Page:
Ambavala, Ambodimanga (Mananara), Folohy, Marojejy, Nosy Mangabe, Tsararano. It occurs from sea level to 600m asl in rainforest, bamboo forest, and other types of forest with abundant tree holes (in which it breeds) (Andreone and Vences 2008).

  • Andreone, F. and Glaw, F. (2008). Mantella laevigata. In: IUCN 2008. 2008 IUCN Red List of Threatened Species. www.iucnredlist.org. Downloaded on 21 April 2009.
  • Glaw, F., and Vences, M. (2007). Field Guide to the Amphibians and Reptiles of Madagascar. Third Edition. Vences and Glaw Verlag, Köln.
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Ecology

Habitat

Habitat and Ecology

Habitat and Ecology
This is a rainforest species, which is often particularly abundant in bamboo forest and other types of forest with abundant tree holes (in which it breeds). It is primarily terrestrial but also climbs on low vegetation.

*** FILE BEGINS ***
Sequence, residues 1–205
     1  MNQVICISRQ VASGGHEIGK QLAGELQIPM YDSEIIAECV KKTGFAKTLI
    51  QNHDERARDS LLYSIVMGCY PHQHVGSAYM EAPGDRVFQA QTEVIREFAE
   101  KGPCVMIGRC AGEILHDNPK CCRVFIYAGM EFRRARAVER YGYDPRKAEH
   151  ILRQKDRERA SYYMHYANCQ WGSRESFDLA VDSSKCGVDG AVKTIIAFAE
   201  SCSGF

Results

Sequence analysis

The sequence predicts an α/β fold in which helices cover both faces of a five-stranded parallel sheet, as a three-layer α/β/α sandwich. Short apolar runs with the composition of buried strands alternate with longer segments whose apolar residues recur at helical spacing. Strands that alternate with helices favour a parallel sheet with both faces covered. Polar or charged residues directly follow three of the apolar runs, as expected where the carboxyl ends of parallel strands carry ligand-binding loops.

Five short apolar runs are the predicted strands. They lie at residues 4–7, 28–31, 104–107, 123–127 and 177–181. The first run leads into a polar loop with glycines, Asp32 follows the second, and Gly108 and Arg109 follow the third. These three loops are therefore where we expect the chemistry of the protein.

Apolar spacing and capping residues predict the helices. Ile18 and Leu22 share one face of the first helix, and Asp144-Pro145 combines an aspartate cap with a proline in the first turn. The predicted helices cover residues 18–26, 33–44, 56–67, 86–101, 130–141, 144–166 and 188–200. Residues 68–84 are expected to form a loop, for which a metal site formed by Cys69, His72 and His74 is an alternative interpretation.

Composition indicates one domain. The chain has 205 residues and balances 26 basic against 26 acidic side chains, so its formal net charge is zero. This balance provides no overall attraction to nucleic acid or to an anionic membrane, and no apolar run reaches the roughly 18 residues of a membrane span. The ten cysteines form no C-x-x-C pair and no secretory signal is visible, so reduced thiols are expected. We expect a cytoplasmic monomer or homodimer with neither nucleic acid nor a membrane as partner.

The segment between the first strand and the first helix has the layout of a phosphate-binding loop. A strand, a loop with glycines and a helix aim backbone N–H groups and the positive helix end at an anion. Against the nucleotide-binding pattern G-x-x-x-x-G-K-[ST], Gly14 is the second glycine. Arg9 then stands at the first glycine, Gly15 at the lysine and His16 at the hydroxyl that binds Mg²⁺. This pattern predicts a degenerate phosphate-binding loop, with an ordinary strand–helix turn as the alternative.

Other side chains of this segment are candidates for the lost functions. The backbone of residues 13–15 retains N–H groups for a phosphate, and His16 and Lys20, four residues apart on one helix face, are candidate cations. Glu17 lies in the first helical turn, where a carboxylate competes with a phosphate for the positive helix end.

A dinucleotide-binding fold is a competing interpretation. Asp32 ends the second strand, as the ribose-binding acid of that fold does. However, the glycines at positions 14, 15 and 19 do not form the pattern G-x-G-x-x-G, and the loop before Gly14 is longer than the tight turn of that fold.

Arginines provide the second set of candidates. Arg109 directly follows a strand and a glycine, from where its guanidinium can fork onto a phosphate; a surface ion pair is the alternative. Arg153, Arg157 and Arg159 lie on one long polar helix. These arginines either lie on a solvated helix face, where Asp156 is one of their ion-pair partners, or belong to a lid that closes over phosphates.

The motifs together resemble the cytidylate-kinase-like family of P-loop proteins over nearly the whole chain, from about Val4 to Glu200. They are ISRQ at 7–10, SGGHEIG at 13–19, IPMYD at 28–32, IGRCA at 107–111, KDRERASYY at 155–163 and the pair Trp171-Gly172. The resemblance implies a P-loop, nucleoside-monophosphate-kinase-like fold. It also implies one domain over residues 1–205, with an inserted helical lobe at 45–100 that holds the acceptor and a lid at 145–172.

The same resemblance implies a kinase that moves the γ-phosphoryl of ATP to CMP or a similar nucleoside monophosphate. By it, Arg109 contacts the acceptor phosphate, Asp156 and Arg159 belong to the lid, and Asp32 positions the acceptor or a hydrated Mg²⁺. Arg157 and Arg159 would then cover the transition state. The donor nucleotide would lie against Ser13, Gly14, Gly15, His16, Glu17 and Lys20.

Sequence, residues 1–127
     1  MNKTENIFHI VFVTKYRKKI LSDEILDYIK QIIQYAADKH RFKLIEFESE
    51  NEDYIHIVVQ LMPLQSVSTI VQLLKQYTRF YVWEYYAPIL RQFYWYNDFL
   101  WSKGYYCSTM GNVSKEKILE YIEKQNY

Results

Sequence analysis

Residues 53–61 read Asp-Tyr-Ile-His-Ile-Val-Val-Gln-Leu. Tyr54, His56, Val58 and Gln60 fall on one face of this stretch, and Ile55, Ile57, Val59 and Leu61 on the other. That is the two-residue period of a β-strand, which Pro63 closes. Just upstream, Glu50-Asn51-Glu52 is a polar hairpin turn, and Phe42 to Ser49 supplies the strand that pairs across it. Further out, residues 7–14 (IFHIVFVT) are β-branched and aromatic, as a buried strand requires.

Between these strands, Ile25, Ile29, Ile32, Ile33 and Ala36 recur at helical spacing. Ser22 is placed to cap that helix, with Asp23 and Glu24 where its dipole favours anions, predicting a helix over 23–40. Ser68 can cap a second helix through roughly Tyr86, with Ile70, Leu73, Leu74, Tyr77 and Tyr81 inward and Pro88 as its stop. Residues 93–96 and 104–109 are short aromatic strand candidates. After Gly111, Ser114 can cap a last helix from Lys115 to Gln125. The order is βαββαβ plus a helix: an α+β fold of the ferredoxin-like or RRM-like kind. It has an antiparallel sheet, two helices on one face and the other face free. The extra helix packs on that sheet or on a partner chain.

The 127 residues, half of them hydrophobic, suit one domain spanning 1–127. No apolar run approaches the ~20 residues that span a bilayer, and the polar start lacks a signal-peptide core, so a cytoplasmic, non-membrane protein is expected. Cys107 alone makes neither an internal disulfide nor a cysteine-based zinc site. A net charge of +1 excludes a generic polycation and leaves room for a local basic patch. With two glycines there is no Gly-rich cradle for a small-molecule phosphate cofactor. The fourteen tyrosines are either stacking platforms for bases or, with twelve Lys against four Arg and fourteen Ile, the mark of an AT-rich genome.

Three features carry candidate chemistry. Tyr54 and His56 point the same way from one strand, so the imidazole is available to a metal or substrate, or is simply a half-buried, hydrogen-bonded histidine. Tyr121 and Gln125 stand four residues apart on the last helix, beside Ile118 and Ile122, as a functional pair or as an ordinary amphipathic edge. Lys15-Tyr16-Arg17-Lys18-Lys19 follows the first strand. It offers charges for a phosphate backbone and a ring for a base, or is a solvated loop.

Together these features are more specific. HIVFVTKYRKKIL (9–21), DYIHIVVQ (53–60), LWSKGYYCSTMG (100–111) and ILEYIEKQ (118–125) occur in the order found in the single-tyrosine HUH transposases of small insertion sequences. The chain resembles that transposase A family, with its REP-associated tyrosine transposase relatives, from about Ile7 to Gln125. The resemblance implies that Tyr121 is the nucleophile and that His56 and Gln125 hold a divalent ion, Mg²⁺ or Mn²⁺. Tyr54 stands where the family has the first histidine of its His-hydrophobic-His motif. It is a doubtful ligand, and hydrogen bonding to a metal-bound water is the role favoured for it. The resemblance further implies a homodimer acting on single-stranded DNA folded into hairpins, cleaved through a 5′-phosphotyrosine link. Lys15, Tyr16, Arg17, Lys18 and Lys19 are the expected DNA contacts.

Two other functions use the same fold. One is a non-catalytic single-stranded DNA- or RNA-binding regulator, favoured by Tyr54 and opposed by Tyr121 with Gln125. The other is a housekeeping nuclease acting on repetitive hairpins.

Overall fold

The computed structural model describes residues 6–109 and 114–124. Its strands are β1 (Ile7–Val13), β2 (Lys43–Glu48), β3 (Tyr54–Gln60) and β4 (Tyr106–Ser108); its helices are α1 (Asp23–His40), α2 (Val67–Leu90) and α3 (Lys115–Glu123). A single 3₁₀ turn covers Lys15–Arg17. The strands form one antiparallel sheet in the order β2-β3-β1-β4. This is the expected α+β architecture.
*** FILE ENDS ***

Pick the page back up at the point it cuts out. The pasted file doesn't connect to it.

Systems
  • Terrestrial
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Conservation

Conservation Status

IUCN Red List Assessment


Red List Category
NT
Near Threatened

Red List Criteria

Version
3.1

Year Assessed
2008

Assessor/s
Andreone, F. & Glaw, F.

Reviewer/s
Stuart, S.N., Chanson, J.S. & Cox, N.A.

Contributor/s

Justification
Listed as Near Threatened because its Extent of Occurrence is probably not much greater than 20,000 km2, and the extent and quality of its habitat are probably declining, thus making the species close to qualifying for Vulnerable.
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Population

Population
It is locally abundant.

Population Trend
Decreasing
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Life History, Abundance, Activity, and Special Behaviors